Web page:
A Conversation with Baseball Legends

Bobby Brown, Jerry Coleman, and Eddie Robinson



Thursday, April 17, 2008

DeGolyer Library

Southern Methodist University

6404 Hilltop Lane

Dallas, Texas 75205

7:00 p.m. - Reception, Texana Room

7:30 p.m. Panel Discussion, Stanley Marcus Reading Room


Moderated by Paul Rogers, SMU Professor of Law and baseball historian, our panelists are major leaguers with exceptional credentials, stories, and observations on our national pastime. Dr. Bobby Brown, former president of the American League, studied for his medical degree while he was a third baseman for the New York Yankees and hit .439 in four World Series. Jerry Coleman, also a Yankee during his nine-year playing career, was the MVP of the 1950 World Series. He continues as a longtime play-by-play announcer for the San Diego Padres. Eddie Robinson, from Paris, Texas, has the distinction of playing for seven of the eight American League clubs during his 13-year career. He played in four All-Star games and two World Series and his years in the front office included stints as GM of the Atlanta Braves and Texas Rangers.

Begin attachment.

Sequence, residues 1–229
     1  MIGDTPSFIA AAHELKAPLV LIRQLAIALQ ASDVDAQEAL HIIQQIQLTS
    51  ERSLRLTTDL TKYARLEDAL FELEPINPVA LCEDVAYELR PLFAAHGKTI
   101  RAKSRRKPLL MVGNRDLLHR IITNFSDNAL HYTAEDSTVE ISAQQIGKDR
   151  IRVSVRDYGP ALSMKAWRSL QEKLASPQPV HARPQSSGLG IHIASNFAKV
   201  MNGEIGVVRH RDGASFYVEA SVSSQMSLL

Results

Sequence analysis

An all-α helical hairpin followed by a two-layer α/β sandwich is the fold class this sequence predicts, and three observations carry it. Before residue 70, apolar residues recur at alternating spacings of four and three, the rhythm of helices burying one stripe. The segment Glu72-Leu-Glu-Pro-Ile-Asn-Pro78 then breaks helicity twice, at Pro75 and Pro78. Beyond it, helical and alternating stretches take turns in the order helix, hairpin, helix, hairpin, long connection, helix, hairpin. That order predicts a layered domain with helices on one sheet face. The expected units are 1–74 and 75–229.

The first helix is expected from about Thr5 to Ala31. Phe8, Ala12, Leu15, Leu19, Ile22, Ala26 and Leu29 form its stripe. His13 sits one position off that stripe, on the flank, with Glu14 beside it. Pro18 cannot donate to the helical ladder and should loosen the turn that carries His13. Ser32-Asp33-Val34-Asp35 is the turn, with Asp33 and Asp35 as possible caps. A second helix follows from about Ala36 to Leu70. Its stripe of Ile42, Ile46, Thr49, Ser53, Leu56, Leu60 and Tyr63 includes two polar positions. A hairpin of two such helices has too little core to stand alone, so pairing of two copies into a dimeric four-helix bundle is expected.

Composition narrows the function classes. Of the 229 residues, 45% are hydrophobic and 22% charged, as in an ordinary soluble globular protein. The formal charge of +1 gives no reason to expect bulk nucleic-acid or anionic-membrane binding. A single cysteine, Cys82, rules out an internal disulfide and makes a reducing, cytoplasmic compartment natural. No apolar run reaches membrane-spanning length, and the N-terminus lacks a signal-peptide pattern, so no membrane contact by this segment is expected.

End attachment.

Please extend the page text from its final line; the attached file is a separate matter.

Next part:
With a new exhibit: The Old Ballgame: Baseball in American Life. Drawing on the personal collection of Paul Rogers and supplemented by materials from the DeGolyer collections, we will display books, programs, periodicals, photographs, prints, and memorabilia that illustrate the development of baseball in all its forms, from sandlots to the big leagues, and that also comment on the game’s place in the American imagination.


And also on hand will be a new SMU Press publication, Anatomy of Baseball, with a foreword by Yogi Berra and with 20 essays by writers such as Roger Angell, Frank Deford, and Katherine Powers.  “One of the finest baseball anthologies of all time.” - Jonathan Eig, author of Luckiest Man: the Life and Death of Lou Gehrig.  Copies will be available for purchase.


Sponsored by the SMU Press and the DeGolyer Library.

Free and open to the public.

For more information and to preregister, see


# # #